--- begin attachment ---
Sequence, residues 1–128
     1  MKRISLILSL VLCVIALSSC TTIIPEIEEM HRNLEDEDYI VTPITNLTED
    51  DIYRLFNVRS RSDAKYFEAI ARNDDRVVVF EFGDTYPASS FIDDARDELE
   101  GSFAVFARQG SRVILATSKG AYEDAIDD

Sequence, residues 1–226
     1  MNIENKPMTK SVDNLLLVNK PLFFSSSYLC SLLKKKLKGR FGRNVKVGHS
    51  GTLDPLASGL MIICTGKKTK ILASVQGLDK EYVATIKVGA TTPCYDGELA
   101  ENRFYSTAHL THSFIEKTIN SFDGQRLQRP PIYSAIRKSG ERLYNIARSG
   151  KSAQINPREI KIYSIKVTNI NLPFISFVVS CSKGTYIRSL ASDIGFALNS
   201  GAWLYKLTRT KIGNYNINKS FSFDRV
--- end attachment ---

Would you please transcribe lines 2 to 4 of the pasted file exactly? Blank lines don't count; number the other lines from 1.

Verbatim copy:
     1  MKRISLILSL VLCVIALSSC TTIIPEIEEM HRNLEDEDYI VTPITNLTED
    51  DIYRLFNVRS RSDAKYFEAI ARNDDRVVVF EFGDTYPASS FIDDARDELE
   101  GSFAVFARQG SRVILATSKG AYEDAIDD